Younger? No, we just want to look good, say women over 60

Younger? No, we just want to look good, say women over 60 | Mail Online


Older women are turning their backs on advertising telling them to look younger, according to research.
They want to look good – not good for their age or younger than they are, claims a study of women aged 60 and over.
Dr Carolyn Mair, of the London College of Fashion, asked 21 women about skin ageing, how they felt about it and which products they used.

Many had sophisticated skin care regimes, spending large amounts on cosmetics, and most said they used sunscreen.
But when asked if they wanted to look good, look good for their age or look younger, four out of five chose simply ‘look good’ – suggesting they were happy to look their age.
Dr Mair said the women were generally content with their appearance, adding: ‘We’re always being told older women are suffering from a crisis of self-confidence.

‘But the research shows they don’t want to be the target of "age-defying” and “youth-promoting” messages.’
She told the British Psychological Society conference in Birmingham: ‘Despite media and advertising images of unattainable, airbrushed beauty and messages equating youth with beauty, the majority said they wanted to look good, not younger.’

It comes after a study last year found that size 16 women were the happiest and most comfortable in their own skin.

It found 74 per cent women at that size were happy with their appearance - in comparison to only 42 per cent were happy at size six. 
And earlier this year, a survey suggested that men are healthier and happier about their appearance than women in general.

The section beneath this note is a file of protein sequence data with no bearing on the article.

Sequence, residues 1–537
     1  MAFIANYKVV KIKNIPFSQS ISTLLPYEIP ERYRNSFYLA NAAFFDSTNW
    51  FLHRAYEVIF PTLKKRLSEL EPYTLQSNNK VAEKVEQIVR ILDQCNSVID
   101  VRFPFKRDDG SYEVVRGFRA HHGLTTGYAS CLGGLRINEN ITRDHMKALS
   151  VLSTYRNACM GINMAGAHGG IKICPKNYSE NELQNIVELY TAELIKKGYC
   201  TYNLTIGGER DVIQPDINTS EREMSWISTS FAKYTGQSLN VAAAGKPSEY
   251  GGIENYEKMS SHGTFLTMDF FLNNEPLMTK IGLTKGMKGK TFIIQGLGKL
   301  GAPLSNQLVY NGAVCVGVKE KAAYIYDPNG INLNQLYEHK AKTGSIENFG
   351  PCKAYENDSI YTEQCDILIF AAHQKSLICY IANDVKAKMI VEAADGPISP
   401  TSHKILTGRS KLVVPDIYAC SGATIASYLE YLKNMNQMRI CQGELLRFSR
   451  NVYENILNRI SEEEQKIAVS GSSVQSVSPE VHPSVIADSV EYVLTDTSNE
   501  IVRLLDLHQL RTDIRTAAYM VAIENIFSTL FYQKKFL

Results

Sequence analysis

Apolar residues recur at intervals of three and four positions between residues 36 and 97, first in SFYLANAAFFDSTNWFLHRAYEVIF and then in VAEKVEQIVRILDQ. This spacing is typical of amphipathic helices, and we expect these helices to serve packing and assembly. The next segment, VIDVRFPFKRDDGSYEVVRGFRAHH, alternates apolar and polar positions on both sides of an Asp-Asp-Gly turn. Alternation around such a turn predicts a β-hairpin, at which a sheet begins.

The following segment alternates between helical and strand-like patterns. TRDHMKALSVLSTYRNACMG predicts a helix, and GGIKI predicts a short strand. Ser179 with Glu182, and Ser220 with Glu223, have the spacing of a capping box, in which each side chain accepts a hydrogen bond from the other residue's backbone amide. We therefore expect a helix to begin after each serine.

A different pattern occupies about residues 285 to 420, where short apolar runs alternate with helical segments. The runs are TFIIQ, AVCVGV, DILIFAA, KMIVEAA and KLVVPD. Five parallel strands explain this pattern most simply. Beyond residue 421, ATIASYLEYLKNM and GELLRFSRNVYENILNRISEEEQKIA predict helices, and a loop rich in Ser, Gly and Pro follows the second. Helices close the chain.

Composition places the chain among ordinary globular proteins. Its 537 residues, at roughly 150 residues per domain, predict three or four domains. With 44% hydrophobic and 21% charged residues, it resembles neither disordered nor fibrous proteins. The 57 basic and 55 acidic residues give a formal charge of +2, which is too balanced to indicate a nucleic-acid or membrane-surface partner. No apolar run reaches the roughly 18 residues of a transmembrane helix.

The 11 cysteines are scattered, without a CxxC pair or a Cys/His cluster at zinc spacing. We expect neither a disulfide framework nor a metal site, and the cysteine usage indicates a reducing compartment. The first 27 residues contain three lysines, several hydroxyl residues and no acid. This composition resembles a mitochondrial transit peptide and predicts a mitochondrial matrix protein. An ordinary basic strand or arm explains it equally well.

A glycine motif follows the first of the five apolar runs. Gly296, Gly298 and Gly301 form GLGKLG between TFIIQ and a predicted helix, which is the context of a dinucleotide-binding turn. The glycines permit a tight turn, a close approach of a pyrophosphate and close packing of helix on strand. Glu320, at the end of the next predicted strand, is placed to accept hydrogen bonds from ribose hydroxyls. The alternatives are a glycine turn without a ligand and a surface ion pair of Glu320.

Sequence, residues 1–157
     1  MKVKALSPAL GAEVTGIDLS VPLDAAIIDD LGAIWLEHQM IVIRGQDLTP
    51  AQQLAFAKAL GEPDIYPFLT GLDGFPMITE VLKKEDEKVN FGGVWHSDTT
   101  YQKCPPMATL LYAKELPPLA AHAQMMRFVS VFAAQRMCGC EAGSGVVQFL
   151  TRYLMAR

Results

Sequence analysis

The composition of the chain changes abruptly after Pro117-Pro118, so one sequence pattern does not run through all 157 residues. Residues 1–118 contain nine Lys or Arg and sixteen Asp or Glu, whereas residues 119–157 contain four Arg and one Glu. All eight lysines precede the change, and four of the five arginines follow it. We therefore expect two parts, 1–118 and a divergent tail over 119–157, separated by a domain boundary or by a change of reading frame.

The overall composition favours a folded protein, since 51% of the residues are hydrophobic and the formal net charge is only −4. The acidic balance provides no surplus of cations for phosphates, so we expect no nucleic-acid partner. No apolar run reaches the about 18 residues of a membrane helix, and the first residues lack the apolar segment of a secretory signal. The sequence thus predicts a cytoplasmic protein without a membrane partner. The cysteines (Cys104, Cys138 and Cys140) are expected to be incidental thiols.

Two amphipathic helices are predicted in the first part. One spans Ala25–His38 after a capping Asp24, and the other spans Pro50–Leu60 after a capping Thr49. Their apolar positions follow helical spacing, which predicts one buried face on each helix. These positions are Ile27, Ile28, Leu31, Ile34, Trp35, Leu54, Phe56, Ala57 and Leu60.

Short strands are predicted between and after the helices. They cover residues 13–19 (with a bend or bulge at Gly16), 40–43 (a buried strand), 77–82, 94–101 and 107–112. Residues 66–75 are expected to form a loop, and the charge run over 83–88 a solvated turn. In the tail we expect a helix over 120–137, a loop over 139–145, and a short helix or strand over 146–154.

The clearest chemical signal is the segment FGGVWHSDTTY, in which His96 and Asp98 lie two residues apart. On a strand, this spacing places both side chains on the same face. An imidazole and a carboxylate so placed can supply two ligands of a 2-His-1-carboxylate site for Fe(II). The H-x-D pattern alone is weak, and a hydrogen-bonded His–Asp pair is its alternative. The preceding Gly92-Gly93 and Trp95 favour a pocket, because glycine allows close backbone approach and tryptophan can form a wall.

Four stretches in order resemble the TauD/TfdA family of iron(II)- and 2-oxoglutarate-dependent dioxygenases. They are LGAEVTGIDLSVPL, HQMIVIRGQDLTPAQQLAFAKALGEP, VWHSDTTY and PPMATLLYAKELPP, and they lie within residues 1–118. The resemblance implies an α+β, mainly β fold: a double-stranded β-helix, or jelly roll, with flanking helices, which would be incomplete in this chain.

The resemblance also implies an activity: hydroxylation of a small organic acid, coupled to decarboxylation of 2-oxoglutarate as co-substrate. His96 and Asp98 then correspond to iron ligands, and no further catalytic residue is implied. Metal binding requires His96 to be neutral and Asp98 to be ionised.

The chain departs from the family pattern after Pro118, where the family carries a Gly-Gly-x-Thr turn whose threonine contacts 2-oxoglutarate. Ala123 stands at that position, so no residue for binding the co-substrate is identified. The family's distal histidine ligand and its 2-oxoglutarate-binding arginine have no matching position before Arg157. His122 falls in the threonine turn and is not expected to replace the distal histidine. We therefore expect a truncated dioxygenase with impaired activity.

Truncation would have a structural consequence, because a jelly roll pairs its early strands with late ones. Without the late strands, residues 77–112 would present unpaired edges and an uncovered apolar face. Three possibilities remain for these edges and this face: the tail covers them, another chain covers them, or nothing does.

The nationwide study of 2,000 people found men reported a higher rate of happiness when it came to their weight, shape, appearance, and the way they are perceived by others.
Dr Mair, whose speech was titled ‘Women over sixty want to look good, not good for their age, young or younger’, is a chartered psychologist and a specialist in the application of theories from cognitive psychology, to improve performance and enhance well-being.

'Research shows older women don’t want to be the target of "age-defying” and “youth-promoting” messages'
Dr Carolyn Mair
Among the impressive roster of high-profile academics at the event was ex-BBC presenter Sian Williams, who switched careers to become a psychologist. 

The former BBC1 Breakfast show host quit her role in 2012 and is now studying for a masters degree in psychology at the University of Westminster. 

The 49-year-old is specialising in the effects of post-traumatic stress disorder on war journalists.